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Retrieving useful information on the uploaded file - PHP

The initial script in the first tutorial of this series lacked some important features, such as the implementation of an effective error handling module and the ability to check the MIME type and size of the file being uploaded. In this second installment of the series, Iím going to improve the logic of the script from the first tutorial to provide it with the capacity to retrieve useful information concerning the entire file uploading process.

  1. Retrieving Information on Selected Files with a PHP 5 File Uploader
  2. Reintroducing a previous hands-on example
  3. Retrieving useful information on the uploaded file
  4. Listing the complete source code of the improved file uploading application
By: Alejandro Gervasio
Rating: starstarstarstarstar / 6
March 26, 2008

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As you probably know, the $_FILES superglobal array available in PHP allows you to retrieve all the information related to a specific file uploading process, including the MIME type and size, its temporary denomination, etc. Thus, based upon the capabilities of this useful array, Iím going to modify the script that I built in the previous article of this series so it can use the array in question to display detailed information about a particular file upload on the browser.

That being explained, please take some time to examine the signature of the improved file uploading script, which now looks like this:

// basic example on uploading a file to the server via HTTP and displaying information on it


// set upload directory (for Windows users)


// set destination of uploaded file



echo 'The target file was successfully uploaded!<br />';

echo 'Name of uploaded file: '.$_FILES['userfile']['name'].'.<br />';

echo 'MIME type of uploaded file: '.$_FILES['userfile']['type'].'.<br />';

echo 'Size of uploaded file: '.$_FILES['userfile']['size'].' bytes.<br />';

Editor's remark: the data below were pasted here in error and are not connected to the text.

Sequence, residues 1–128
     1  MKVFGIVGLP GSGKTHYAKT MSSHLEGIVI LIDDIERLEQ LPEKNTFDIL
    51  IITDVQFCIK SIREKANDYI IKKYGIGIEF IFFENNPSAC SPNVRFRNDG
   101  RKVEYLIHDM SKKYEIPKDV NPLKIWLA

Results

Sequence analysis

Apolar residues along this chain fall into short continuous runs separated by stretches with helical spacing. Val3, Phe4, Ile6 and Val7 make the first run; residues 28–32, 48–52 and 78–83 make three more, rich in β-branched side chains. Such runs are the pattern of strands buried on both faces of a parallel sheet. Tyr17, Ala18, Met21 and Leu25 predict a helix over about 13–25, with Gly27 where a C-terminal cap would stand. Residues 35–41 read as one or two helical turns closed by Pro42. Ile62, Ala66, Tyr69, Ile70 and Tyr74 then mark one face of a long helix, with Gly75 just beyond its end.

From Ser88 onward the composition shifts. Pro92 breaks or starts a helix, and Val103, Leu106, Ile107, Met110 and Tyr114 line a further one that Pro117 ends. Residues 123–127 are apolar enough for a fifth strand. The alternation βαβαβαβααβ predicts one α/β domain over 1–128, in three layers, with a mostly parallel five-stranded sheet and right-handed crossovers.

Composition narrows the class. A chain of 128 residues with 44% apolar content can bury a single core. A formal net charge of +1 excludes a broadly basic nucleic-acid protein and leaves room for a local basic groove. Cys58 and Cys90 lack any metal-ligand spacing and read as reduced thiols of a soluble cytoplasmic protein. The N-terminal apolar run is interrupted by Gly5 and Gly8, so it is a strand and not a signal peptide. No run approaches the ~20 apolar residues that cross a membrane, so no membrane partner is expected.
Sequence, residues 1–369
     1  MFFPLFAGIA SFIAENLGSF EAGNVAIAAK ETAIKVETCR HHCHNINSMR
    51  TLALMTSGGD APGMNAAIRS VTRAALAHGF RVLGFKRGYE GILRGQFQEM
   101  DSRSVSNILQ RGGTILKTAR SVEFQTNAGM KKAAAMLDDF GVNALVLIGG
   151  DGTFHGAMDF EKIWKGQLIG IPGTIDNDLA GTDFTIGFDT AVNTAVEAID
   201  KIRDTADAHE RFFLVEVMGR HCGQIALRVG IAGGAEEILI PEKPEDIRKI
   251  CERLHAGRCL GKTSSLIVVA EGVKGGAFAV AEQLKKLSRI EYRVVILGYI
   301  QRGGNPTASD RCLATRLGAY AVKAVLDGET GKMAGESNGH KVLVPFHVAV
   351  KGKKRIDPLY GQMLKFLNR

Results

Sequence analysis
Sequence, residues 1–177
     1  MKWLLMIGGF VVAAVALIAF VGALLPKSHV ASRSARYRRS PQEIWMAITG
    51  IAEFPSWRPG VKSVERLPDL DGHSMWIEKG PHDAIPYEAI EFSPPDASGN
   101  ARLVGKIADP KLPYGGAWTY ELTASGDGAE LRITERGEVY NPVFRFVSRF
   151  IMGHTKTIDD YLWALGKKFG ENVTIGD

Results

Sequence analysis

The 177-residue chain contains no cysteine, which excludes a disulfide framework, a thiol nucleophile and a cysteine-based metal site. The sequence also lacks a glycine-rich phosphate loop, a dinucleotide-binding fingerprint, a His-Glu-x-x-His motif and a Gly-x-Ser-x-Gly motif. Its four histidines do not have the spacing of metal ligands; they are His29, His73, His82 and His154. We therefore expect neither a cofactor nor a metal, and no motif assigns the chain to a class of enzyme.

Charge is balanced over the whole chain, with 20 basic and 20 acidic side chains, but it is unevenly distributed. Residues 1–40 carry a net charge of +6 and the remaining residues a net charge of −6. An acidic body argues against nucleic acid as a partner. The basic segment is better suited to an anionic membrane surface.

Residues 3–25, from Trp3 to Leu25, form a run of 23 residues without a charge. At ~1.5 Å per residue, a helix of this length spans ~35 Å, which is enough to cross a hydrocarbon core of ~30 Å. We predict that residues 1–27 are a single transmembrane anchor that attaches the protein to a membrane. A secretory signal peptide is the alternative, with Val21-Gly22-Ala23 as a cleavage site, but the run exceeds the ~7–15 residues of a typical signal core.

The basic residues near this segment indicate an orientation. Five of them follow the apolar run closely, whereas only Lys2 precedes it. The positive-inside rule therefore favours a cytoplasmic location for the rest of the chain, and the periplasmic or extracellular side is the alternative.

echo 'Temporary name of uploaded file: '.$_FILES['userfile']['tmp_name'].'<br />';



echo 'Error uploading target file!';



As you can see, understanding the logic implemented by the above file uploading script is actually a no-brainer process that can be tackled with minor problems. In this specific case, the script uses a few elements included into the previously mentioned $_FILES PHP array in order to retrieve useful information about a particular file uploading process.

Whatís more, once a targeted file has been successfully uploaded to the web server, the script in question echoes all the data related to this procedure to the browser, including the client name of the pertinent file and other relevant details, such as its MIME type and size in bytes, and its temporary name as well.

Therefore, based on the recently improved logic of the previous file uploading script, itís quite easy to retrieve detailed information on a specific file. For instance, say that I just uploaded a sample ďtest.docĒ file to the web server, which would produce the following result:

The target file was successfully uploaded!

Name of uploaded file: test.doc.

MIME type of uploaded file: application/ms-word.

Size of uploaded file: 19968 bytes.

Temporary name of uploaded file: C:uploaded_filesphp135.tmp

That was pretty useful, right? Iím not saying that the $_FILES superglobal array is going to change your life as a PHP developer, but you must admit it works pretty well when it comes to getting meaningful information regarding a specific file uploading process.

All right, at this point I'll assume that you've already grasped how to use the aforementioned $_FILES PHP array to display all the data related to a particular file upload. So, whatís the next step to take?

Well, in the last section of this tutorial, Iím going to list the complete source code of this improved file uploading PHP application, including the corresponding upload web form and the modified script that you learned a few lines before so you can copy it and paste it directly into your code editor for testing purposes.

As I said earlier, this process will be done in the following section, so jump forward and keep reading.

>>> More PHP Articles          >>> More By Alejandro Gervasio

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